Sri Lanka attacks: Eight Britons killed in explosions

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Anita, Alex, Annabel and Ben Nicholson
Image caption,
Anita Nicholson and her son Alex, 14, and daughter Annabel, 11, died in the Shangri-La hotel bombing

Eight British citizens are among the hundreds killed in explosions in Sri Lanka on Easter Sunday, the UK's High Commissioner to Sri Lanka has said.

They include Anita Nicholson, 42, her 14-year-old son Alex and her 11-year-old daughter Annabel.

Mrs Nicholson's husband Ben survived and paid tribute to his "wonderful" wife and their "amazing, intelligent, talented and thoughtful children".

Police say at least 290 people were killed in eight blasts in the country.

Mr Nicholson said his family were killed at a table in the restaurant of the Shangri-La Hotel, in the Sri Lankan capital Colombo, while they were on holiday.

He said he was "deeply distressed" at his loss but "mercifully, all three of them died instantly and with no pain or suffering".

He added that his wife "was a wonderful, perfect wife and a brilliant, loving and inspirational mother to our two wonderful children".

"Alex and Annabel were the most amazing, intelligent, talented and thoughtful children, and Anita and I were immensely proud of them both and looking forward to seeing them develop into adulthood.

"They shared with their mother the priceless ability to light up any room they entered and bring joy to the lives of all they came into contact with."

He thanked the medical teams in Colombo and the Sri Lankan people he had encountered since.

A further 500 people were injured in the blasts - but the UK's High Commissioner, James Dauris, said there were no Britons with serious injuries.

Officials in Sri Lanka believe at least 35 foreign nationals are among the dead.

Mr Dauris said: "We know there are a small number of foreign nationals who are unaccounted for. We don't know what the nationality of those people is."

Media caption,

Deadly explosions strike across Sri Lanka

Danish, Indian, Turkish and Dutch citizens are also among those known to have died.

Mr Dauris urged those still in the country to contact relatives and to follow instructions from local authorities.

In the capital Colombo, St Anthony's Shrine and the Cinnamon Grand, Shangri-La and Kingsbury hotels were targeted.

There were also explosions at a hotel near Dehiwala zoo and in the residential district of Dematagoda.

Further blasts took place in St Sebastian's Church in Negombo, a town approximately 20 miles north of Colombo, and at Zion Church in Batticaloa, on the east coast.

Manisha Gunasekera, Sri Lanka's High Commissioner, told the BBC that the large Sri Lankan community in the UK was "very concerned".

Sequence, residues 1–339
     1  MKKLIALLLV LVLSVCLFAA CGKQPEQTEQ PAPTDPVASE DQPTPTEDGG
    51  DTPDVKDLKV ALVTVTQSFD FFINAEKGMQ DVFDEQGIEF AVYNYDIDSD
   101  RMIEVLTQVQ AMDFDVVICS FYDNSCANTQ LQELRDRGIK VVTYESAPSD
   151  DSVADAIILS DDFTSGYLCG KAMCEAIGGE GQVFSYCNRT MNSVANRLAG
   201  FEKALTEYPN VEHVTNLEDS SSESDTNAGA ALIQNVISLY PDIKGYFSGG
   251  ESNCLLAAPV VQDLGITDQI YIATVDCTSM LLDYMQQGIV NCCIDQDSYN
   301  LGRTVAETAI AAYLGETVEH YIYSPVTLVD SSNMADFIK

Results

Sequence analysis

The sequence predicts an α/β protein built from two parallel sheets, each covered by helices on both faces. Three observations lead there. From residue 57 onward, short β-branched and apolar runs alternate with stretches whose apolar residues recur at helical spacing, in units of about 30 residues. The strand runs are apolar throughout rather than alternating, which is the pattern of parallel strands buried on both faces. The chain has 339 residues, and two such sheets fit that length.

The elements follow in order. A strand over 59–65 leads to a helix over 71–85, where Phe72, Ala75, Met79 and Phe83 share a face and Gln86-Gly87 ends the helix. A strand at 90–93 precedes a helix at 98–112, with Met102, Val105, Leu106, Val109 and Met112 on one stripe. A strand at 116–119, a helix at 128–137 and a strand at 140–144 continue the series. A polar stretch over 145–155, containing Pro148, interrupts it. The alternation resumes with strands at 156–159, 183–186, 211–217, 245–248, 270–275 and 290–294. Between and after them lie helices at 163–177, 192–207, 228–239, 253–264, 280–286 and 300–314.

The Queen has offered her condolences to Sri Lanka's president, saying her thoughts and prayers were with all Sri Lankans.

She said: "Prince Philip and I were deeply saddened to learn of the attacks in Sri Lanka yesterday and send our condolences to the families and friends of those who have lost their lives".

Image source, Reuters
Image caption,
St Sebastian's Church in Negombo was severely damaged

Kieran Arasaratnam, a professor at Imperial College London, was on his way to the breakfast room in the Shangri-La hotel when he heard the blast.

He told the BBC he saw a young child, aged about eight or nine, being carried to an ambulance, and all around him, "everyone's just running in panic".

"The military was coming in. It's just total chaos. So I then just literally ran out and then I looked to the room on the right and there's blood everywhere."

'Lucky to be alive'

Tourist Marisa Keller, from London, was also staying at the Shangri-La but wasn't in the hotel when it was attacked. She said she felt "lucky to be alive".

"There were lots of bodies, blood, ambulances, police. Swat teams were sent in.

"One side of the hotel was blocked off. They were letting people back in because of the hot sun," she said.

Image source, Getty Images
Image caption,
One of the explosions hit the Kingsbury Hotel in Colombo

Julian Emmanuel and his family, from Surrey, were staying at the Cinnamon Grand when they were woken up by the explosion.

"There were ambulances, fire crews, police sirens," he told the BBC.

"I came out of the room to see what's happening, we were ushered downstairs.

"We were told there had been a bomb. Staff said some people were killed. One member of staff told me it was a suicide bomber."

Image source, Reuters
Image caption,
A statue of the Virgin Mary, broken in St Anthony's Shrine

The Sri Lankan government said on Monday that the bombings were carried out with the support of an international network.

It has blamed a little-known local jihadist group, National Thowheed Jamath, although no-one has yet admitted carrying out the attacks.

Police have arrested 24 people in a series of raids.

Archbishop of Canterbury Justin Welby has condemned the attacks as "utterly despicable destruction" during his Easter address at Canterbury Cathedral.

Prime Minister Theresa May said the killings were "truly appalling" and "no-one should ever have to practise their faith in fear."

Labour leader Jeremy Corbyn said: "I stand with the victims, their families, the people of Sri Lanka and Christians around the world. We must defeat this hatred with unity, love and respect."

The Foreign Office has directed British citizens to two helplines:

  • Those in Sri Lanka and can call the Embassy in Colombo: +94 11 5390639
  • Those in the UK who are concerned for British friends or family in Sri Lanka can call: 020 7008 1500

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